Engineers Develop Chair With 'Sense'
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PURDUE ENGINEERS DEVELOP A CHAIR WITH 'SENSE'
Purdue University /EurekAlert!
Thursday, November 2, 2000
WEST LAFAYETTE, Ind. Purdue University engineers have developed a "sensing
chair" that can determine a person's sitting posture, research that could
lead to numerous applications, from computer-security systems to the design
of more comfortable furniture.
The modified office chair uses software algorithms, or computer
instructions, that interpret information collected by an array of pressure
sensors in the backrest and seat. When tested on 30 people, the chair
demonstrated an overall accuracy of 96 percent in determining whether people
were slouching, leaning in various positions, crossing their legs or sitting
"The chair senses how the pressure is distributed in the seat and the
backrest," said Hong Tan, an assistant professor at Purdue's School of
Electrical and Computer Engineering. "We train the computer to recognize
pressure patterns associated with different seating postures by showing the
computer examples of such patterns."
Lynne A. Slivovsky, a doctoral student working with Tan, will present a
research paper about the work Nov. 9 during the 2000 International
Mechanical Engineering Congress & Exposition, sponsored by the American
Society of Mechanical Engineers in Orlando, Fla.
Special software enables a computer to interpret a person's posture by
analyzing pressure patterns, which are represented by thousands of numbers
fed to the computer by numerous sensing elements, or "sensels," in the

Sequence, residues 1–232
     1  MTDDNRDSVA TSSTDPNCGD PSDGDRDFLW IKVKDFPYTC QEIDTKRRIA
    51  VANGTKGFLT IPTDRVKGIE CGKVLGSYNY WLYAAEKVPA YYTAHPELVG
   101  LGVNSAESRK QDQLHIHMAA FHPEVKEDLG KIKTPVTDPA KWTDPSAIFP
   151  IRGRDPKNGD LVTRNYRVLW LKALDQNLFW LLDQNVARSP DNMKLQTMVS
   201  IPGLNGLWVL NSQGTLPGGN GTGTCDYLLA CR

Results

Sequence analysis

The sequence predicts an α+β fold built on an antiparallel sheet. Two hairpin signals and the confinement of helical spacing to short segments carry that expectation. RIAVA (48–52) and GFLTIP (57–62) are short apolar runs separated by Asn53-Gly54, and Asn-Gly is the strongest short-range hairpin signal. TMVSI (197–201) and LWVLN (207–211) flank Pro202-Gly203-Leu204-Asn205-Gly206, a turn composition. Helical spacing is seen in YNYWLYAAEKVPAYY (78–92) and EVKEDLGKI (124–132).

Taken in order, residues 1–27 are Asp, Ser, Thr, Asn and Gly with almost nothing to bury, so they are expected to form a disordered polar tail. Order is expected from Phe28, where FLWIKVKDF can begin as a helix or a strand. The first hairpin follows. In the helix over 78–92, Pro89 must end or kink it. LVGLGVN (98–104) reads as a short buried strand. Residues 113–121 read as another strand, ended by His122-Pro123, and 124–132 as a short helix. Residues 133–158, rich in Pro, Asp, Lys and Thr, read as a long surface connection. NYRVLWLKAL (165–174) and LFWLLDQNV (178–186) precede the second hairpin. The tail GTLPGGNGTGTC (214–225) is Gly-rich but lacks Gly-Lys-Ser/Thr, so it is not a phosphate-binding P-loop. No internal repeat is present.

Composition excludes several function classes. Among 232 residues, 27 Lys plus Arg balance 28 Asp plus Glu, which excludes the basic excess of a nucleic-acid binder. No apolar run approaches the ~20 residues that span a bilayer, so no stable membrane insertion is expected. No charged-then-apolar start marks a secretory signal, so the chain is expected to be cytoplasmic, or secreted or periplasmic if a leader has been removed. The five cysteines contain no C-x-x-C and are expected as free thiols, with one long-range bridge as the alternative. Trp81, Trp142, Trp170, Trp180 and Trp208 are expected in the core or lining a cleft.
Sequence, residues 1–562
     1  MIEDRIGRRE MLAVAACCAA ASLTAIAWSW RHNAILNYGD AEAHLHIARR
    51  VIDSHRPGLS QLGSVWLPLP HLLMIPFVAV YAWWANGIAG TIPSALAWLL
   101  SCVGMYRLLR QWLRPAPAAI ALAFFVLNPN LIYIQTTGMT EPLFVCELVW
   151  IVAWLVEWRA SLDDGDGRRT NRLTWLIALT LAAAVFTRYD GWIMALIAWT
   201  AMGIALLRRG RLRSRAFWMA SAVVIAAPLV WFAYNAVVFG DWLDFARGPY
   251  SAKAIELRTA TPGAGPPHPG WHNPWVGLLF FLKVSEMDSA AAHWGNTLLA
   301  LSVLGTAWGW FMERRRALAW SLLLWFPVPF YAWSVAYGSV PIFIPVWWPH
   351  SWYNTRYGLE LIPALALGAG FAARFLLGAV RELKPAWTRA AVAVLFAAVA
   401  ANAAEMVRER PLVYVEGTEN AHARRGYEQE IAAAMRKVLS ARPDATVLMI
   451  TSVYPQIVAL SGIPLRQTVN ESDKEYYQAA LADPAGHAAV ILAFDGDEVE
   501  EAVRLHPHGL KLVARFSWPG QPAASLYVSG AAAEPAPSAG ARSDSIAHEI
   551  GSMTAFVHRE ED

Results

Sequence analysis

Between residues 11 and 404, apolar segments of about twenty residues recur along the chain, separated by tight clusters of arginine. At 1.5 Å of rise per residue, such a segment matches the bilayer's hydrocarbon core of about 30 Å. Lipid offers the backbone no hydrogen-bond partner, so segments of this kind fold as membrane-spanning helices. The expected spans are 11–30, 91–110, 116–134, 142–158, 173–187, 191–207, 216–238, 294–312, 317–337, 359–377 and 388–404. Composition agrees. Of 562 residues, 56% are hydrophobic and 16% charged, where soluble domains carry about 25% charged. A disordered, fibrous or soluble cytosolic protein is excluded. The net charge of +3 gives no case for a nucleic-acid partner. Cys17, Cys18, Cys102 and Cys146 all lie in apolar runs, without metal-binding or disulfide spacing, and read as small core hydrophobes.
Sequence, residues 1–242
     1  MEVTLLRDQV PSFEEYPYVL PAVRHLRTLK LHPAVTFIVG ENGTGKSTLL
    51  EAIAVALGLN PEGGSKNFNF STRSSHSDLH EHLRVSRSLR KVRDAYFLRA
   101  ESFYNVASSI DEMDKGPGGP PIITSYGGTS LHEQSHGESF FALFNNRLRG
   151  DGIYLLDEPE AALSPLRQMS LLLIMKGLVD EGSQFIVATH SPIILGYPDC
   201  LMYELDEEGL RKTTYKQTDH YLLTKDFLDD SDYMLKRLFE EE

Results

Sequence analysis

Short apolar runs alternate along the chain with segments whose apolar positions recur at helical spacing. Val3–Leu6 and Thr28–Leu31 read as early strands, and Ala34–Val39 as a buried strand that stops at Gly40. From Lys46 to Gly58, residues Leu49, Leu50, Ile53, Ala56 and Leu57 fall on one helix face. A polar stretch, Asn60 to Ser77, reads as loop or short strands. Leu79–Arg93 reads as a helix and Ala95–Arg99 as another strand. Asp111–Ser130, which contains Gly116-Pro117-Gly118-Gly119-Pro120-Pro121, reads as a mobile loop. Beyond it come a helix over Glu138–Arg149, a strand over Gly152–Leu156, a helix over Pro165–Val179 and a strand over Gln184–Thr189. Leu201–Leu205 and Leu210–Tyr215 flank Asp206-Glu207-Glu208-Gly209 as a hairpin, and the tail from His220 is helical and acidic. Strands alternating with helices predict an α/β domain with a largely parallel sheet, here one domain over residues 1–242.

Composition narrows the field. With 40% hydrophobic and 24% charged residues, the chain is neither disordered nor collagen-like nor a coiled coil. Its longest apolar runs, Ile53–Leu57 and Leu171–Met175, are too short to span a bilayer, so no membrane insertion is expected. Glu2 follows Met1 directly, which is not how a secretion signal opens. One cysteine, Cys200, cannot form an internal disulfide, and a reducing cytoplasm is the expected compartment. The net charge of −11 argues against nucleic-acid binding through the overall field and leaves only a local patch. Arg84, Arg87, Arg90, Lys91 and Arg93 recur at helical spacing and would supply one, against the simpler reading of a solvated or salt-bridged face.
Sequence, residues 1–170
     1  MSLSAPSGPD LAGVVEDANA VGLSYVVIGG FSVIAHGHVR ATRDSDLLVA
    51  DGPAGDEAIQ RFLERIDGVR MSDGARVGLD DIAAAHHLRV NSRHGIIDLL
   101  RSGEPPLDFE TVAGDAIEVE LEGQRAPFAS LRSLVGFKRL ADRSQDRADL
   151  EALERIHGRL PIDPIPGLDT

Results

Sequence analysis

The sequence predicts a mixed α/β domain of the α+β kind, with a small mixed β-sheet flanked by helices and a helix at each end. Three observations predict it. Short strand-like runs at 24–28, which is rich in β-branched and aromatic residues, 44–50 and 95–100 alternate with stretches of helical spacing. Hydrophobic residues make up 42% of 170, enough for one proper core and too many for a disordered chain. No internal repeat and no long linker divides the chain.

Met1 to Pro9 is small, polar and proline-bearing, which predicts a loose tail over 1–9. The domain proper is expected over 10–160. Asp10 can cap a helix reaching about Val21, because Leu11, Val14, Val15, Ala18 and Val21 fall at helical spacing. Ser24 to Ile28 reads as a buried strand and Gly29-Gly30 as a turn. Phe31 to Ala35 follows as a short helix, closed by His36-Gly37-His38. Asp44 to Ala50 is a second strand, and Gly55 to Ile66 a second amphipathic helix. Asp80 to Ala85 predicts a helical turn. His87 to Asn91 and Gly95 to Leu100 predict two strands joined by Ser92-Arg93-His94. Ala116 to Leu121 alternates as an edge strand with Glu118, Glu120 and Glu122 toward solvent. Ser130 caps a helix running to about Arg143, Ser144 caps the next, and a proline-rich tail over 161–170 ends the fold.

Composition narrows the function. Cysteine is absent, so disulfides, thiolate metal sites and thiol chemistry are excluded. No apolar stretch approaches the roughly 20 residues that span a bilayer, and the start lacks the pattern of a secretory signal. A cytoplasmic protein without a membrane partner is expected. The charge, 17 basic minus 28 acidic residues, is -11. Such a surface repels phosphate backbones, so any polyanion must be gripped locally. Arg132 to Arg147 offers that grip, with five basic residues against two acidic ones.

chair. Each time a person sits in the chair, the computer creates precise
"pressure maps" that can distinguish between different people, even if they
are sitting in the same position.
The system is limited in that it is capable only of sensing "static
posture," or how a person is sitting at any one given time.
"Currently, we are working on a dynamic system so that we can see how people
are moving, throughout an eight-hour day, for example," Tan said.
Such an advanced "real-time sitting posture tracking system" would lead to
many applications. Because the system would be able to recognize the
pressure patterns peculiar to specific people, a potential application might
be to verify authorized personnel for computer-security purposes.
A sensing chair also might be used in cars to automatically adjust the
driver's seat according to who is behind the wheel, or to control an
airbag's deployment by adjusting for a person's seating position and weight.
Another potential application could be to improve the ergonomics of
"People come into the showroom, they sit down, they think, 'Oh, this chair
feels great,'" Tan said. "They buy it, and then they return it because after
several hours of sitting in it, it doesn't feel great any more.
"So, chair manufacturers are interested in how to evaluate a chair over an
extended period of time. They want to understand the long-term dynamics of
The chair is most adept at sensing when someone is slouching, correctly
interpreting that posture with an accuracy of 99.8 percent.
"For anybody who wants to do anything related to ergonomics, slouching is
the one posture you probably really want to discourage," said Tan, who
specializes in research focusing on the haptic human-machine interface, or
how machines and people interact through the sense of touch.
Perhaps such a sensing chair might sound a warning beep every time its user
assumed a slouching posture, she said.
Researchers said they were surprised the chair was able to accurately
distinguish between the subtle posture differences of leaning left, crossing
the right leg while leaning left or crossing the right leg without leaning
"We were expecting to see a lot of confusion among those three because they
are so similar," Tan said.
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